Check your BECs!

Check your BECs!

I recently had the pleasure of reviewing the Blade 600X, and I have found it to be the best-engineered 600-class heli I personally have flown.  The quality of construction is outstanding, the drivetrain is extremely stout, and handling is silky-smooth.  I look forward to getting a lot more flying time on this bird.  (See my full review in the May issue of Model Airplane News!)

The only issue I encountered with my 600X build was with the wiring harness.  Like many 12-cell helis, the 600X uses two 6S packs connected in series by a harness that’s included in the kit.  On the early kits the arrangement of the external BEC power lead would cause a failure in many high-voltage speed controls like my Edge HV 120.

As supplied, the BEC output was soldered to the second battery connector.  While this looks fine when measured on the bench with a DVM, when the BEC is connected this results in a “floating voltage” condition which will damage some high-voltage speed controls.  While some opto-isolated ESCs can tolerate this arrangement, it’s not the ideal approach.  For all helis with an external BEC, the ground leg for the BEC output should always be soldered to the “most negative” contact.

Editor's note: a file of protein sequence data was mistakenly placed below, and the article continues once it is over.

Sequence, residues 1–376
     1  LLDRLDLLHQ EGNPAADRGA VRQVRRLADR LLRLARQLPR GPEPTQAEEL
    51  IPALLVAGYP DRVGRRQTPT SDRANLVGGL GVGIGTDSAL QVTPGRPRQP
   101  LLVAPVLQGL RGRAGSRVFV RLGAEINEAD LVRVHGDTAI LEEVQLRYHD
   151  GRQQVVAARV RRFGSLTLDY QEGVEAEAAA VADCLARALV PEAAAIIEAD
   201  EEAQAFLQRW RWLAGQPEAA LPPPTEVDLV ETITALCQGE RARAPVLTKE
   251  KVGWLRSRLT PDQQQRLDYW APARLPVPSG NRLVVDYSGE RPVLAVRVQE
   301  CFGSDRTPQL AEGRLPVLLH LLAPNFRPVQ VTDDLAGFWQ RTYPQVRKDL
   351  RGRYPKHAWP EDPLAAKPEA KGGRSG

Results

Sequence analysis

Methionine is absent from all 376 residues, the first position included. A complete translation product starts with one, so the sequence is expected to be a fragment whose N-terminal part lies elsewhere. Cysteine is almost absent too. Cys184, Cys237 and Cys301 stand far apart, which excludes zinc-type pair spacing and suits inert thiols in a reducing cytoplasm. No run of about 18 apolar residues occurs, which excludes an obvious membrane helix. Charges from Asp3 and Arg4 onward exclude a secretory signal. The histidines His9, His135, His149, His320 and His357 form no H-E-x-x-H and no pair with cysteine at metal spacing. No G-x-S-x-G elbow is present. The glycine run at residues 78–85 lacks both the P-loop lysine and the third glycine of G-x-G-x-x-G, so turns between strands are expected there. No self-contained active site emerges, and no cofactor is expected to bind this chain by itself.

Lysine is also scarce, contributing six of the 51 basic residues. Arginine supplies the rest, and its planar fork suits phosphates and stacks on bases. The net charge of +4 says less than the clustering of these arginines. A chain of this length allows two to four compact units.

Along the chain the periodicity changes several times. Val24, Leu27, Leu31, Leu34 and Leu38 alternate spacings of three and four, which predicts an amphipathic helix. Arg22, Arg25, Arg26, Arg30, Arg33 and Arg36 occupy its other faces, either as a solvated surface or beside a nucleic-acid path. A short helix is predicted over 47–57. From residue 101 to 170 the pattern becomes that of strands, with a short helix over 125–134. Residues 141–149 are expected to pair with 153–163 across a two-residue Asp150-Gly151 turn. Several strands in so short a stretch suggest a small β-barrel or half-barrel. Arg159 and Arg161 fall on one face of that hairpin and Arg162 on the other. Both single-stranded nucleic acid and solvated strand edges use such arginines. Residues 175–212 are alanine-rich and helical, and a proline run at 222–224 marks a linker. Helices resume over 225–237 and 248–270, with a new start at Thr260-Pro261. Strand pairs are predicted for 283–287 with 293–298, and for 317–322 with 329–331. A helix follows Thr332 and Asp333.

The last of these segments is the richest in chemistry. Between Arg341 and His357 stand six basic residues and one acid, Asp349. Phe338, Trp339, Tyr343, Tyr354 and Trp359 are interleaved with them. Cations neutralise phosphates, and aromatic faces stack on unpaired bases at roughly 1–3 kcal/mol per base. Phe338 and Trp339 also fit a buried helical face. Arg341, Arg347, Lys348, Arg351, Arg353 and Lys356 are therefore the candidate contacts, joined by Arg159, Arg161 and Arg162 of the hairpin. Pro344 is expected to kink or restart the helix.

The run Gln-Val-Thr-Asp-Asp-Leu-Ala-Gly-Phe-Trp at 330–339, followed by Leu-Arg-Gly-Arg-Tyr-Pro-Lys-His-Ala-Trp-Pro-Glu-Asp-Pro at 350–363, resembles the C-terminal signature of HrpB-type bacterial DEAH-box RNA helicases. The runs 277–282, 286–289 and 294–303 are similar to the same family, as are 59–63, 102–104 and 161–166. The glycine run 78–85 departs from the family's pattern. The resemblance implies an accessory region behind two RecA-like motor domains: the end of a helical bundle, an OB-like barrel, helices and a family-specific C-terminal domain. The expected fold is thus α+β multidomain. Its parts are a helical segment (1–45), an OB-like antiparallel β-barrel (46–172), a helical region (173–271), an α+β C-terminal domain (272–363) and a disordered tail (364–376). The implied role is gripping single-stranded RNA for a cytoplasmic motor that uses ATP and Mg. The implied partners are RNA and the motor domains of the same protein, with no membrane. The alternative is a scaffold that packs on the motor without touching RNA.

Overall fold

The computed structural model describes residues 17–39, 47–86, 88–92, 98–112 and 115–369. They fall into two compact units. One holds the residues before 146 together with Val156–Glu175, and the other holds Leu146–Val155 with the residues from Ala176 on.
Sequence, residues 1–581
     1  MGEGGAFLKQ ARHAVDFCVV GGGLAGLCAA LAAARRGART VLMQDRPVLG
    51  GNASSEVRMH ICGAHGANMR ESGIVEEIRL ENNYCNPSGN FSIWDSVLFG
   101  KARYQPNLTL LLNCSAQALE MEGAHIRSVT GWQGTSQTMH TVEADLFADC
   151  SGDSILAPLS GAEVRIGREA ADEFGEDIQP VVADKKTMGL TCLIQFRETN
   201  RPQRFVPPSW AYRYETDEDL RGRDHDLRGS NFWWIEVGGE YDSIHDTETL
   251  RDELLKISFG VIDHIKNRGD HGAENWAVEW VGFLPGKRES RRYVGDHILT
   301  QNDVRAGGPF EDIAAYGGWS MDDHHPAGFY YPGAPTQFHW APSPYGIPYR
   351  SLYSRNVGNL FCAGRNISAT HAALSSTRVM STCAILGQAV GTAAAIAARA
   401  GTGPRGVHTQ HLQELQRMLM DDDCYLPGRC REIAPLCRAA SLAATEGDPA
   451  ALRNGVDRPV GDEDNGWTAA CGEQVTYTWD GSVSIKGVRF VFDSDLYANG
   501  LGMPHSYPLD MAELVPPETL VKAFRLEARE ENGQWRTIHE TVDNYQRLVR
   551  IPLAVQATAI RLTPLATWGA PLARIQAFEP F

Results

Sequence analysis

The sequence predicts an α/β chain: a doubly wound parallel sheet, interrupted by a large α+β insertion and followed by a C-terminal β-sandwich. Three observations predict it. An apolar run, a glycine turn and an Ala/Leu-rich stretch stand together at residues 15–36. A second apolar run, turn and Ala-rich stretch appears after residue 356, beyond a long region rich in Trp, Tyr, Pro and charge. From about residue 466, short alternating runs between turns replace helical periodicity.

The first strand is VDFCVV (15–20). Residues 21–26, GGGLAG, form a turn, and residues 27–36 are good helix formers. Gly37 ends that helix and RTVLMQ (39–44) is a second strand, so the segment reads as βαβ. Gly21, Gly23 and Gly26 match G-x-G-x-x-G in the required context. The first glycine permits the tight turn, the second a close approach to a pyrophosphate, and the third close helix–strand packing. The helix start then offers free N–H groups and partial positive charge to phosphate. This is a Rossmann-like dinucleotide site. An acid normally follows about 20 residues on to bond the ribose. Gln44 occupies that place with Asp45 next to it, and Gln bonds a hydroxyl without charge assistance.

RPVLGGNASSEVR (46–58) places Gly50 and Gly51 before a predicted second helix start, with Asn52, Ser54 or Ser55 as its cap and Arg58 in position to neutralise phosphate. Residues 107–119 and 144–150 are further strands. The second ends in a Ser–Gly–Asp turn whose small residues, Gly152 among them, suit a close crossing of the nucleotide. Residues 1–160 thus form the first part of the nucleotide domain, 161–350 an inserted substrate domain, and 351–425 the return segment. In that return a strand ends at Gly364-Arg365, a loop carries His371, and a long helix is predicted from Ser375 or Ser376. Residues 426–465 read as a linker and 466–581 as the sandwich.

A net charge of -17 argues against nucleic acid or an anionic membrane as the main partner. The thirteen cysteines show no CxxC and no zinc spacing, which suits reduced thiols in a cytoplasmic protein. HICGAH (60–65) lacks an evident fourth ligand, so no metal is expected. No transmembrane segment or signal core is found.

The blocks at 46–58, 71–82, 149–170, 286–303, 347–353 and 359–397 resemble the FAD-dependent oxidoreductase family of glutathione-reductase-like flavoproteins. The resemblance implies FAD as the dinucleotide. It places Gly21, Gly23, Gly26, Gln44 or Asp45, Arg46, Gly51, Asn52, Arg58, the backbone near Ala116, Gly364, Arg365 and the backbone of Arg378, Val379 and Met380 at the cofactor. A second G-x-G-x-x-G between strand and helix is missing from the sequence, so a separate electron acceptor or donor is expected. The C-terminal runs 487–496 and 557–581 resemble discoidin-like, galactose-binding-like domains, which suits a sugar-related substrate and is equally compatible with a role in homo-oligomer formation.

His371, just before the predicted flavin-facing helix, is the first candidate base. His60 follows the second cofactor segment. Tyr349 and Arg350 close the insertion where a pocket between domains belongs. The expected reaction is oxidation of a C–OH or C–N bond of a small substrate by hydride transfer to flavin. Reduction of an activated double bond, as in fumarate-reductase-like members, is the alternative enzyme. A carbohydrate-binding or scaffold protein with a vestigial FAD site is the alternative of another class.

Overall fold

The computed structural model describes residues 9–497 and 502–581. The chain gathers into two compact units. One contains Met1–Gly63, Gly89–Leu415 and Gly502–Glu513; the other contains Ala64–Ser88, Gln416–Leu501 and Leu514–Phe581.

Blade quickly corrected this on all kits, but by all means check that yours has the correct layout.  And if you have any other helis with series harnesses and external BECs, check them as well.

This diagram shows how easy it is to overlook an incorrectly wired BEC:

 Check your BECs!

Updated: July 30, 2015 — 10:33 AM


  1. Am I crazy ? What would happen if 3 batteries were to be connected ?

  2. If you connect the connector with the BEC output to the first battery, wouldn’t that solve the problem?

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